The first month at UVI has passed and I am grateful to have chosen the Virgin Islands for my study away semester. Every beach has been gorgeous, and while some are better for snorkeling than others they have all been worth visiting. The classes have been manageable and fairly interesting. My favorite has been Scientific Writing which is centered around writing papers for publications and proposals. It has been difficult re-learning grammar rules that I last reviewed in 6th grade, but it has been helpful for writing effective research papers.
I have met amazing people already, some are also on exchange and others are full-time students at UVI. It has been a lot of fun exploring the shops, trying new restaurants, and checking out the different areas of the island. I hope to visit St John again soon. I was only able to see Honeymoon Beach the last time I visited but there are other beaches known for incredible snorkeling that are worth the ferry ride. A lot of the other exchange students want to explore the island and area as well, so it has been easy to find someone to go on a day trip with.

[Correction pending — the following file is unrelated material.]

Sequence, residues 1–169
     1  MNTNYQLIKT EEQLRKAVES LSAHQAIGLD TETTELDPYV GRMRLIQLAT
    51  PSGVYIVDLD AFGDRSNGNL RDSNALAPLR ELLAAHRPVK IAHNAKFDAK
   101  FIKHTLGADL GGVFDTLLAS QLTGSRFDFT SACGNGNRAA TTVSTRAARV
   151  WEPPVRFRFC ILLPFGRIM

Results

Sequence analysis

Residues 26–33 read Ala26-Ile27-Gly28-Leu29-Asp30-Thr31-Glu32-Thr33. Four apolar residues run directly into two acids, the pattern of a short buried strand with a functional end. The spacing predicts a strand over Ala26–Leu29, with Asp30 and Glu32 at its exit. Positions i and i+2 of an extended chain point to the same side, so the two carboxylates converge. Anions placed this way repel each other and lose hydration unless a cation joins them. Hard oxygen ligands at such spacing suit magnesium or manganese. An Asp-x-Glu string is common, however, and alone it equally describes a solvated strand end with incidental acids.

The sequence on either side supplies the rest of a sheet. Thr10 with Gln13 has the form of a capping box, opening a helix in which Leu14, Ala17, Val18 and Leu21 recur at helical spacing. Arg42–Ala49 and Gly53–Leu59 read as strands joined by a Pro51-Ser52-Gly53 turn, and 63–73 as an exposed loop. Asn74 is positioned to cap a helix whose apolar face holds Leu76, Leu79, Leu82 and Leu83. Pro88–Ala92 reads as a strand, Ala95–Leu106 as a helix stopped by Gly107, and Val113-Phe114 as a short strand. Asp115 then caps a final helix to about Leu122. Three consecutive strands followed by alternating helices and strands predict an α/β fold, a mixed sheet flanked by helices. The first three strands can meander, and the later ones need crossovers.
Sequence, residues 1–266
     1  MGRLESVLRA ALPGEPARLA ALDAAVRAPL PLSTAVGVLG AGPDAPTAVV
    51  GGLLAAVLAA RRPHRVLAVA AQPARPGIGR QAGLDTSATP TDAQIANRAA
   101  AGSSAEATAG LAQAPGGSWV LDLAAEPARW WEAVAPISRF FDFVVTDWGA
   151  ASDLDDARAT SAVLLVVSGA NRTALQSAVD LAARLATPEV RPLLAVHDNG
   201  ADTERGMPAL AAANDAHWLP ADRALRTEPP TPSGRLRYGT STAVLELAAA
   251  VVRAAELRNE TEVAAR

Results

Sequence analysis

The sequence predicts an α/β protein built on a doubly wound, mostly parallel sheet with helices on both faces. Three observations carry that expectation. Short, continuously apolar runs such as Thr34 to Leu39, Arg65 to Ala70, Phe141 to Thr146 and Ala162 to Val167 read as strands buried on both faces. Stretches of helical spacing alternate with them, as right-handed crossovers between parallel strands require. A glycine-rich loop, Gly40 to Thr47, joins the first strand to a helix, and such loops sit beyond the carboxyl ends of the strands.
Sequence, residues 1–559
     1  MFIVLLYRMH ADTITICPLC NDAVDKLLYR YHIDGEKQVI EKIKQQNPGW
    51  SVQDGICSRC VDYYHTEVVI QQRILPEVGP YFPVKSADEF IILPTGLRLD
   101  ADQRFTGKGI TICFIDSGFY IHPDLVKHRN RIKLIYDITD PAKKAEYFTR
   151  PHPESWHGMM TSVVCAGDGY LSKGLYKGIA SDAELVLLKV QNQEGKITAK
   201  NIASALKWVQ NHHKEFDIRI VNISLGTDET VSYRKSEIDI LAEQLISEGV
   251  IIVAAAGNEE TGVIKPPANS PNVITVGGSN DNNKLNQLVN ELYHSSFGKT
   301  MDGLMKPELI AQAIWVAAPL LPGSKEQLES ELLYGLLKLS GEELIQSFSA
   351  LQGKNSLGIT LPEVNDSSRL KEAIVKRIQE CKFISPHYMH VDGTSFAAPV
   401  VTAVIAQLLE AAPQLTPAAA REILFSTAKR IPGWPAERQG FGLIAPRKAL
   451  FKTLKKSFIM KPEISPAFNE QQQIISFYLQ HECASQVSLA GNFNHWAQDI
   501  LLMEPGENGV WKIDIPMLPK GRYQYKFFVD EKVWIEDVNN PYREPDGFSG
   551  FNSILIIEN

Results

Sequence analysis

This week I have the opportunity to help a graduate student with his research on invasive seagrass and conch. Conch are common sea snails in the Caribbean and contain a variety of species, including the Queen Conch and the Fighting Conch. The work this week will either involve transect surveys at various marked locations or collections and identifications at Brewers Bay. I am beyond excited to help with this project because I have been interested in marine invertebrates for a long time. This will be my first introduction into field work assessing invertebrate ecology and the influence of invasive species, and I hope to learn a lot about the techniques used and the impact of invasive species on the Virgin Islands natural communities. Hopefully it will include connecting research work with the local communities and fisheries of St Thomas as well. I believe that the findings of research cannot be effectively implemented into local policies to help wildlife if the community is not involved in the work being done and the human-viewpoint of conservation considered. For example, the conclusions of a fish abundance survey may state that no fishing can occur to allow the population to recover. However, if the local community depends on the fish for their livelihood and they never heard of the research until this statement was made, how can it be expected for the findings to be considered and followed? I hope the close ties between Conch research and the Caribbean Conch fisheries around the Virgin Islands can help me gain experience including social aspects into scientific research.